Ever since I’ve had kids and subsequently become self-employed, I’m more than a little time poor but still on the look out for inspiring meals without having to lose half a day to achieve them.
After a recent trip to the new Anthropologie store on Regent Street (heaven itself – check out the coat I spotted there) I spotted chunky cookbook, Cook Express (previously called The Illustrated Quick Cook: Easy Entertaining, After-Work Recipes, Cheap Eats) by Heather Whinney, a home economist and food stylist who has been the cooking school manager for the Cordon Vert Cookery School and food editor of Vegetarian Magazine amongst her roles and is focused on simple home cooking.
It is chock full of seven hundred quick recipes – not crap ones like you normally get in quick meal books, but a full on, illustrated cooking bible with fantastically photographed meals to inspire.
Ever since my copy arrived, I can’t stop leafing through it and have already cooked a few meals. Divided into Everyday and Food for Friends, it’s got brilliant chapters like Speedy Suppers which are categorised under food type (e.g fish, poultry, vegetarian), the brilliant 10 Ways with… covers stuff like eggs, chicken, and sausages, the even more brilliant Get the Most From Your Roast, which saw us get three creative dinners out of our chunky chicken, to Store Cupboard, to Simple Starters, it’s excellent.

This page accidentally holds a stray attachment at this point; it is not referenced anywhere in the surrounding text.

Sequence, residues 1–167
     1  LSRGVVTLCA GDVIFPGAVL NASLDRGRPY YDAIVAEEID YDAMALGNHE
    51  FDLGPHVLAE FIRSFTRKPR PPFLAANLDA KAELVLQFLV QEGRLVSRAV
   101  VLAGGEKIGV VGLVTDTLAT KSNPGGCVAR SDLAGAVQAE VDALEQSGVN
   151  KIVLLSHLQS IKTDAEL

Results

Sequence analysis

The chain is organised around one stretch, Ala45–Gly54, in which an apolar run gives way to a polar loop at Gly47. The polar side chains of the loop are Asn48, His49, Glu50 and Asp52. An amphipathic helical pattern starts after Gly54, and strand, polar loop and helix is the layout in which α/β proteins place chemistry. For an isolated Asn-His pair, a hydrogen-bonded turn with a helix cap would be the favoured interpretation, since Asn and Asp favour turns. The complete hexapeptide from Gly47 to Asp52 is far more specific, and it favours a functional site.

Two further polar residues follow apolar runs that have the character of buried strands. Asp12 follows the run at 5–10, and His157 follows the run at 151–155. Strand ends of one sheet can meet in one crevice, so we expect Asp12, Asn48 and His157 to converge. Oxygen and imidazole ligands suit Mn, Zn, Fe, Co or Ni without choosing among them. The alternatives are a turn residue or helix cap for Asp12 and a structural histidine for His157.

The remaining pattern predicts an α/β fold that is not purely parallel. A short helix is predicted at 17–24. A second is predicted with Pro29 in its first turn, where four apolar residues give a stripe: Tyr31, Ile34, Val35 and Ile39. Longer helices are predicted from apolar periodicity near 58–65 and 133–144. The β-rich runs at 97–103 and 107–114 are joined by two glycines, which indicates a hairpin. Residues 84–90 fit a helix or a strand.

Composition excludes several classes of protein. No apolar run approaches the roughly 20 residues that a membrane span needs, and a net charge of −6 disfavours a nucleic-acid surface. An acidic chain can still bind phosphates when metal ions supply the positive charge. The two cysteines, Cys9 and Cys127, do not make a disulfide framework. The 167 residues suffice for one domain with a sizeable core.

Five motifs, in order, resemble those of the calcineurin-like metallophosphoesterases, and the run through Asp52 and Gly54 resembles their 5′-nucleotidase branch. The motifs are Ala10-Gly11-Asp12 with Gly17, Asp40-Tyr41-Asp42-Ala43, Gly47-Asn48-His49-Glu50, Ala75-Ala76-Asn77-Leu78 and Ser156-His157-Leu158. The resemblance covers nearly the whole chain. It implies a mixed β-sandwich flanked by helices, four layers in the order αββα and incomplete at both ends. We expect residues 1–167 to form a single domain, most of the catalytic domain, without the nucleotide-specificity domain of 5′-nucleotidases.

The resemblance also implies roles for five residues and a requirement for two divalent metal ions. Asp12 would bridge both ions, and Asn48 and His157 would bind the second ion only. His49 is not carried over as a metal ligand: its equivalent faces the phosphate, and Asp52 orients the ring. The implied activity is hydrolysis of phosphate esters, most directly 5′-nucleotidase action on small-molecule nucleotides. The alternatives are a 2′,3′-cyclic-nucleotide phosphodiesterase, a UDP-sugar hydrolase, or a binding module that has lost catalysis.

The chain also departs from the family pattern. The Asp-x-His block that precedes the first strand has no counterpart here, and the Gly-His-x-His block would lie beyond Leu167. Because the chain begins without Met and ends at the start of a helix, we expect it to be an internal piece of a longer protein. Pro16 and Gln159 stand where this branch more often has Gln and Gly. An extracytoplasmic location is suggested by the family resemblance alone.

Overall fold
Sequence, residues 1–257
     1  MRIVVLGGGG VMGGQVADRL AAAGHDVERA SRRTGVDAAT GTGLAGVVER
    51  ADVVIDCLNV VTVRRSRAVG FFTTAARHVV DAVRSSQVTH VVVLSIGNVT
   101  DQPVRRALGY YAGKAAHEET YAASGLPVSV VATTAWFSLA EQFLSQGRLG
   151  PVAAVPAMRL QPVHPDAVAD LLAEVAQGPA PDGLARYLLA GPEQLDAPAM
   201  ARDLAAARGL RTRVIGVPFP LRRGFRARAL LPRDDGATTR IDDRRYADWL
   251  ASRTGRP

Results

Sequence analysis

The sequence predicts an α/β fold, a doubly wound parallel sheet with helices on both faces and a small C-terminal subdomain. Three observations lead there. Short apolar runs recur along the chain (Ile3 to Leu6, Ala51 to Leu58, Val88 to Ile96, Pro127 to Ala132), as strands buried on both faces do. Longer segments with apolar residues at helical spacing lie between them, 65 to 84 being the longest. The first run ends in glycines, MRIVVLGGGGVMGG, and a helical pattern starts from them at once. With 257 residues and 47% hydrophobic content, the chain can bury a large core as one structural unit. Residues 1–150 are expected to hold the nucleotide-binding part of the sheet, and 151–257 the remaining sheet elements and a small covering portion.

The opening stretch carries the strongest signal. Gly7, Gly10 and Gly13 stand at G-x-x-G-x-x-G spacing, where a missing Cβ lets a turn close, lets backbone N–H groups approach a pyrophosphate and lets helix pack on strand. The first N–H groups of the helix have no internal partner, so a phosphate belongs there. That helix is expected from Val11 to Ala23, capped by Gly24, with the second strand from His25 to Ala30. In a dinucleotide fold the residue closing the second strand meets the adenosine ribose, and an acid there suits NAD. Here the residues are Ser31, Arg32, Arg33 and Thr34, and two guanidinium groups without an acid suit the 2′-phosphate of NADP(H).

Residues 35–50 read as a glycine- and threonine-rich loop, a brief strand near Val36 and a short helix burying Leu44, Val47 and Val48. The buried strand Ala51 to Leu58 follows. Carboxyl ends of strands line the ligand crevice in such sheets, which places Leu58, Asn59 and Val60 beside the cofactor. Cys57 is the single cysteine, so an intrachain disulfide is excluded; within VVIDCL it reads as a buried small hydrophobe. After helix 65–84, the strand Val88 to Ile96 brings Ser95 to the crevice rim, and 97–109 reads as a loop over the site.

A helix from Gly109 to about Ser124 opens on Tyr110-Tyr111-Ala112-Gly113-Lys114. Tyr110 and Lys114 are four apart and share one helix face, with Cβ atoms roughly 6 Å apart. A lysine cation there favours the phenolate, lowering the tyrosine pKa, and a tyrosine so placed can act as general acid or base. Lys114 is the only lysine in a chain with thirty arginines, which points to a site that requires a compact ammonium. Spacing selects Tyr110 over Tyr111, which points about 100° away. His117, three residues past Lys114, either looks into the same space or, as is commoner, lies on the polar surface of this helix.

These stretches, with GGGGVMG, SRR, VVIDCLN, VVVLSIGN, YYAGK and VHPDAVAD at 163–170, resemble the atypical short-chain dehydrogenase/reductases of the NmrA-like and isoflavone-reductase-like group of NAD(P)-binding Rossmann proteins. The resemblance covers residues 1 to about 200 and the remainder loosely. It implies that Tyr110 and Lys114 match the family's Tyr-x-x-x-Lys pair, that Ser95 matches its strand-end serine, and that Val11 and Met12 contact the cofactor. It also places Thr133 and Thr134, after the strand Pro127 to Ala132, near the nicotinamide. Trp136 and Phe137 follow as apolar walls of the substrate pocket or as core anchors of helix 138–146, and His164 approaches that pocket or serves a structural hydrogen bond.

There’s ideas for recipe variations, it marks meals that are a healthy with a little love heart, tells you if they (or part of it) are freezable, prep time, cooking time, plus there are menu planners, cheat tips, and recipe chooser galleries. I’ll be using it to compliment my other cookbooks and broaden my horizons and with this many recipes, I should be able to wow my hungry family and you’ll easily find recipes that can be adapted for young mouths.
Anthropologie sell it for around Â£25 and you can get yours on Amazon for Â£14.98. An absolute delight, it’s so visually stimulating, you might even sit in bed and read it!
via Nest Goodies